In the U.S., we guzzle down data – on our phones and computers – and generally don’t think much about where all that content is stored. It’s stored in places called data centers, and they’re a fundamental part of the infrastructure of the 21st century. The problem: Many of them are stuck in the past. A few companies building data centers in Texas though are trying to boost energy efficiency.
If Memory Lane were a real place, it might be a long aisle in a dimly-lit data center. At least for those of us who keep photos online.
The KERA radio story.
“When Facebook came out years ago, you loaded pictures and put them in an album that today you still want to be able to access,” says Ali Greenwood, with Jones Lang LaSalle, a real estate firm in Dallas. “Do you ever look at them? Very rarely, right! But you would be devastated if you couldn’t click on it and pull up a photo album of your wedding from seven years ago.”
Greenwood, who’s vice president of JLL’s Data Center Solutions Group, says that all of that digital data — things like selfies and birthday messages — have all been living inside data centers. Far from being the quiet, clean “cloud” we hear about, these places are often old-school — noisy, cold warehouses with roaring, outdated cooling systems.
Estimates on how much power data centers waste vary, but Pierre Delforge with the Natural Resources Defense Council says we know they’re using much more power than necessary.
“We know they use about 90 billion kilowatt hours of power a year,” Delforge says, “That’s equivalent to the output of more than 30 large coal-fired power plants.”
Last month, the U.S. House of Representatives passed a bill to make federal data centers use energy more efficiently – it could save taxpayers $5 billion over seven years, according to a report from the Center for Climate and Energy Solutions.
Delforge says there are a few big opportunities for energy savings at data centers:
- Get rid of “zombie” servers and improve server utilization: Average server utilization is still very low, somewhere around 10 to 20 percent, Delforge says. “This is akin to running a fleet of airplanes with only 10 percent of seats filled. Consolidating under-utilized servers, powering down unused spare capacity servers, and decommissioning zombie servers is probably the largest energy saving opportunity in data centers.”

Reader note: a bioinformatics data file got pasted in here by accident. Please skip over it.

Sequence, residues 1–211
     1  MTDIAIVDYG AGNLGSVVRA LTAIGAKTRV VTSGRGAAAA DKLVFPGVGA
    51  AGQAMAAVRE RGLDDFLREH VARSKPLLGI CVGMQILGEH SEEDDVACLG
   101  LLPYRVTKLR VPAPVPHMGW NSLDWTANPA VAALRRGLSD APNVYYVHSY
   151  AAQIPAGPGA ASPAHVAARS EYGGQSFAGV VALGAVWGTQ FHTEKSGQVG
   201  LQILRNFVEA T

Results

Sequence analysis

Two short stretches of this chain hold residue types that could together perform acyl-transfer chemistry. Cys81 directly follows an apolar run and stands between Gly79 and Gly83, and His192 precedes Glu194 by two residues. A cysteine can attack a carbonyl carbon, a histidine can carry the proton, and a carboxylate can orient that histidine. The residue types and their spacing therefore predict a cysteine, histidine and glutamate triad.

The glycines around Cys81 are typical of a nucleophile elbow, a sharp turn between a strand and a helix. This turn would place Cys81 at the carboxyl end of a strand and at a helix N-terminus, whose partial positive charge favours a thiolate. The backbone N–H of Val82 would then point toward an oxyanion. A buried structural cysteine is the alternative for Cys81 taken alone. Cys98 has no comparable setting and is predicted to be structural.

- Moving small and medium data centers to the cloud: Large-scale, cloud data centers are much more optimized from an energy perspective than small and medium server rooms in office buildings.
- Improving cooling efficiency: Cooling is fundamental to a data center’s success. But keeping all that equipment chilled is a big energy investment.
That’s why the newest data center in Plano is trying a different approach to keeping data cool.
During a recent tour, Jack Edwards and Tom Doherty showed off Aligned Energy’s Data Center in Plano.
The massive campus will soon be filled with rows and rows of servers. Instead of using expensive fan energy to blow cold air around, they’re using an idea borrowed from the iPhone. It’s called heat removal.
“The idea is, if we can efficiently remove heat from the data center, you could substantially improve the efficiency,” says Doherty, chief operating officer of Aligned Data Centers.
Like smartphones use an aluminum body to radiate away wasted heat, at this data center, heat-sinks directly above the servers draw away hot air and pass it across coils chilled by refrigerant.
Aligned’s software monitors clients’ energy needs and adjusts cooling. Doherty says while a traditional data center consumes about 51 million gallons of water per year – that’s enough to fill 77 Olympic-sized swimming pools – the Plano data center will use 85 percent less water.
Ali Greenwood says in the race to trim power usage, companies in Texas are testing out all kinds of cooling ideas. From evaporative cooling to chimney ducts that push heat server exhaust into the ceiling, to dunking servers in a cooling fluid like mineral oil.
On top of using new cooling techniques, international companies are feeling pressure to use renewable sources of energy, like wind or solar.
Renewable Energy Enters The Equation
Bill Weihl is Facebook’s director of sustainability — he’s also known as the sustainability guru. He says the $1 billion data center being built in Fort Worth will run on 100 percent wind energy. Easy access to wind is one of the reasons Texas was selected as the fifth site for a data center, Weihl says.
For now, it’s mostly Fortune 500 companies, like Amazon and Apple, making commitments to fully power their data centers with renewable energy.
Still, Weihl thinks the idea is spreading.
“It wouldn’t surprise me if in Texas, many other data center companies in the next couple of years started to do that as well,” he says.
Right now in Texas, it’s cheaper to get power from traditional sources, so smaller data centers will probably focus on energy efficiency before switching to renewables.
That means when you are on your phone, digging for data — things like old pictures or notes – there will still be some pollution on your trip down memory lane.